ASPI suggests

The world

Islamic State hasn’t claimed responsibility for last weekend’s blast in Mogadishu that killed more than 300 people, dispelling the popular myth that the organisation is willing to claim anything to boost its street cred. Foreign Policy’s analysis of al-Shabaab, the alleged perpetrators, discusses the Somali government’s military and political strategy against the terrorist organisation.

In the Levant, Iraqi armed forces moved into the Kurdish city of Kirkuk, which reignited their decades-long conflict. The Washington Post’s helpful analysis provides some clarity over popular misconceptions that have arisen, and this piece from the Spectator discusses Britain’s strategic role in the conflict.

The New York Times’ latest analysis of the post-caliphate future of IS excellently traces the roots of the organisation that became IS, why it gained such a huge following so fast, and how its decline will leave a vacuum guaranteed to be filled by other jihadist organisations. The latest CTC Sentinel is packed with brilliant material, especially a piece on the strong nexus between crime and jihadism in Europe, and another on the surprisingly sophisticated Sydney plane plot that was thwarted in July.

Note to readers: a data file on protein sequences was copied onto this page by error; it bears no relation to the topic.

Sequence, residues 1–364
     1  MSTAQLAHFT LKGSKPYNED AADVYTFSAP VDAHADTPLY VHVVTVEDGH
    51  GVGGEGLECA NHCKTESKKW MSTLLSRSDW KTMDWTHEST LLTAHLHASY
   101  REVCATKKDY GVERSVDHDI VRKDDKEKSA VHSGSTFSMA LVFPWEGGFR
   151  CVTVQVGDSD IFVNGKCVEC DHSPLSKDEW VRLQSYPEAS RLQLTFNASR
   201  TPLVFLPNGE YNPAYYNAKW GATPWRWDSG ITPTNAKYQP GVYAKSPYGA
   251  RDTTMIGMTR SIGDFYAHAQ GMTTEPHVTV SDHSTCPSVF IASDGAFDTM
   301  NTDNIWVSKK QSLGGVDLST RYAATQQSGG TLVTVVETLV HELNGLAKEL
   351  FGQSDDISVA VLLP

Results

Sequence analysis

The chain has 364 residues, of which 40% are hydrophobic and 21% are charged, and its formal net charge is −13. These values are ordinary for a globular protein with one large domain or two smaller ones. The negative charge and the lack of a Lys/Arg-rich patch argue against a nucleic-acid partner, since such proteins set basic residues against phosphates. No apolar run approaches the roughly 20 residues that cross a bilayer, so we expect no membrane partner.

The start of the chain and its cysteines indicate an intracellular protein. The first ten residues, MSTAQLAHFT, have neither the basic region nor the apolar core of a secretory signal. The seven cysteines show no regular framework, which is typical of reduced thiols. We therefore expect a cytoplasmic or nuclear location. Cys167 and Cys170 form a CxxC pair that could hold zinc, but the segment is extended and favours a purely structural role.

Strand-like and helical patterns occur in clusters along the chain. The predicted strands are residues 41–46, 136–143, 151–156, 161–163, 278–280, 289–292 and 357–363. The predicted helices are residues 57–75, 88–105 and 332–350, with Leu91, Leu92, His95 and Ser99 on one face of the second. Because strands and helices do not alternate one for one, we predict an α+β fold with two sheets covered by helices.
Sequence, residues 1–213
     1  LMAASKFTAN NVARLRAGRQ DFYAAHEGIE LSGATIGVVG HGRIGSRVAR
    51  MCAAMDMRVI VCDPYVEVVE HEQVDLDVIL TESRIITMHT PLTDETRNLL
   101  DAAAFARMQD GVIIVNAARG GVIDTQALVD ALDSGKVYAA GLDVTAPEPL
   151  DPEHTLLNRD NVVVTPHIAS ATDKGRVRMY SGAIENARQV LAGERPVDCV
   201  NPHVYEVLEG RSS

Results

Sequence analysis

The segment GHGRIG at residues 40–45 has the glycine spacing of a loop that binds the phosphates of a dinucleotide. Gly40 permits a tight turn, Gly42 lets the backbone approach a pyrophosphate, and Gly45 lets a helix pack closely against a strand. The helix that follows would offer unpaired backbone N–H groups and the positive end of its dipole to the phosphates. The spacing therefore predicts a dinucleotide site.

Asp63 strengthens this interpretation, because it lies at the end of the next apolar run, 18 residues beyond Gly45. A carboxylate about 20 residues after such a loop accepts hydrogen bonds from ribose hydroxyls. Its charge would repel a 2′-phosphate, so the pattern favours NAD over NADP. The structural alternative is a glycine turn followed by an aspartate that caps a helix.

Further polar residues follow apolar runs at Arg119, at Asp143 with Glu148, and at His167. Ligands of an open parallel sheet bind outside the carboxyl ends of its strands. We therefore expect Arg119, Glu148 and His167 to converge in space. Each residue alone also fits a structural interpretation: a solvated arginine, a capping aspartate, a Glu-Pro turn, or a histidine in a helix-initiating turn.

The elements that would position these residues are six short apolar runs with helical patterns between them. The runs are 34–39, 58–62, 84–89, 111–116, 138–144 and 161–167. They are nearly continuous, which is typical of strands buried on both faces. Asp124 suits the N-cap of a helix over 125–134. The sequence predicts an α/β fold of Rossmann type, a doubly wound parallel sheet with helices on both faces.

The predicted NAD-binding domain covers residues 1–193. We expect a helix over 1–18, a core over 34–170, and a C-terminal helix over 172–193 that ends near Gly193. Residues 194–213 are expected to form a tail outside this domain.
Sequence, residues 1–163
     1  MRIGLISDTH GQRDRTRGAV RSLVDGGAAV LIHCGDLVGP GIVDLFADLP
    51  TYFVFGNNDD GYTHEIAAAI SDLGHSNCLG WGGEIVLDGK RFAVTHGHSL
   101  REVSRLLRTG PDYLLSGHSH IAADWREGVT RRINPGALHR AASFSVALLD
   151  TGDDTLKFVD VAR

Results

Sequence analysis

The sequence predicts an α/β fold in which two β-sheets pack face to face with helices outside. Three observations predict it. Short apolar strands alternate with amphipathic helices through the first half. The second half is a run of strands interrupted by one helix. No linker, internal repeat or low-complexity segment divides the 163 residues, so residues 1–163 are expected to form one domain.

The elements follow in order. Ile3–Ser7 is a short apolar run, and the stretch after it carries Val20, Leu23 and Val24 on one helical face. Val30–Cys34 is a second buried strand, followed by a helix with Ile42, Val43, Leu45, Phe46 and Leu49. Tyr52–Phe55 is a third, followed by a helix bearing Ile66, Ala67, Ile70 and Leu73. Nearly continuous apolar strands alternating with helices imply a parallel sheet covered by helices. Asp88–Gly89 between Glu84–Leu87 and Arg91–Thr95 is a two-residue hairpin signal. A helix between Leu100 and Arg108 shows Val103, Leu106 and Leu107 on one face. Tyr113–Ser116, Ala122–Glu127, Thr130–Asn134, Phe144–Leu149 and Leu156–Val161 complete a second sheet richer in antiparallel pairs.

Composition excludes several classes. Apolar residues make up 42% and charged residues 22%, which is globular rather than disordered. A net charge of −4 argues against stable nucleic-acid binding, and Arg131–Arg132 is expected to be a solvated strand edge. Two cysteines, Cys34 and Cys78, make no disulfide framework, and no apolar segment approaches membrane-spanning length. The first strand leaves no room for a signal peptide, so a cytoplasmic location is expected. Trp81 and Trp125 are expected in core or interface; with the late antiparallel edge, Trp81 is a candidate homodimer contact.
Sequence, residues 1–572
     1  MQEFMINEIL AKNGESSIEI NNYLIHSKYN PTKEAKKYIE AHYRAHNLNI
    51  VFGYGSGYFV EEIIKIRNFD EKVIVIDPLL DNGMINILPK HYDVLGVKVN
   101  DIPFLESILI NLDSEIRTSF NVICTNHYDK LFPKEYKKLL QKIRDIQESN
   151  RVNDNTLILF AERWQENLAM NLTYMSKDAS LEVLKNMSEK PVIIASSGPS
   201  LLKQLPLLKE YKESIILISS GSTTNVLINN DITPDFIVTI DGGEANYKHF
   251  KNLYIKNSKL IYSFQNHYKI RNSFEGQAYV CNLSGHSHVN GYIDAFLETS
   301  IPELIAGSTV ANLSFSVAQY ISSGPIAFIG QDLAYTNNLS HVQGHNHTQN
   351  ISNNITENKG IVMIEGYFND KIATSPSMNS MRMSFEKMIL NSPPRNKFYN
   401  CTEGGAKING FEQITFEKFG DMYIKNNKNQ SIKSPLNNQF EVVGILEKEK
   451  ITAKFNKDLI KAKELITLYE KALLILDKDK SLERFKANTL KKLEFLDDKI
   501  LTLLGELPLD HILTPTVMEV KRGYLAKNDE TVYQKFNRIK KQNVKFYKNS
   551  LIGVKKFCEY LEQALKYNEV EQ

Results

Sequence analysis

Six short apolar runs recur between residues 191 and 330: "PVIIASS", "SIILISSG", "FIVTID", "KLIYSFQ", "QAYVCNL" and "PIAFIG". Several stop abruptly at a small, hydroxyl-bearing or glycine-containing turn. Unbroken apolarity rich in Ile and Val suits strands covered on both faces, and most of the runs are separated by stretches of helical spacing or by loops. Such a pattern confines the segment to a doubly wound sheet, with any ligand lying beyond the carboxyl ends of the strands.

A few discussion pieces on the opioid crisis that is moving America to a public-health emergency: this piece on the family company manufacturing the addictive culprit drug OxyContin, an analysis of the failure to respond adequately to the epidemic, and a CSIS report from earlier this year detailing lessons learned from an empirical study.

For all the cloak-and-dagger types out there, the BBC is commemorating Mata Hari, ‘history’s most famous female spy’. They briefly trace Hari’s life from her birth as Margarethe Zelle in 1876, through the glamour of the ‘Belle Epoque’, and into the subterfuge of World War I. You can follow that with this piece from the Guardian about the murky world of espionage at international academic conferences. If that’s still not enough, round it out with the French show The Bureau (here on SBS), the story of French spy Guilluame Debailly, aka MALOTRU.

Moving on to some live debates. A few weeks ago, we discussed whether the nation-state was a thing of the past. Here’s an argument for why the nation-state model should remain a strong foundation, in the interests of protecting capitalism.

What’s the most effective method of interrogation? Here’s a compelling study from a husband and wife research team working to ‘revolutionise the study and practice of interrogation’.

Two fascinating pieces on the Eastern Bloc. First up, the Atlantic outlines how the Western press in Moscow during the 1930s suppressed the news of Stalin’s imposed famine of Ukrainians as a means of professional self-preservation. Second, ‘The evolution of Homo sovieticus to Putin’s man’ is a great explanation of how socioeconomic, cultural and political experiences have shaped the way Russians are today.

In a similar vein, an essay from the New York Review of Books demonstrates how cultural politics, mainly the arts, were central to Nazi Germany and fascist Italy.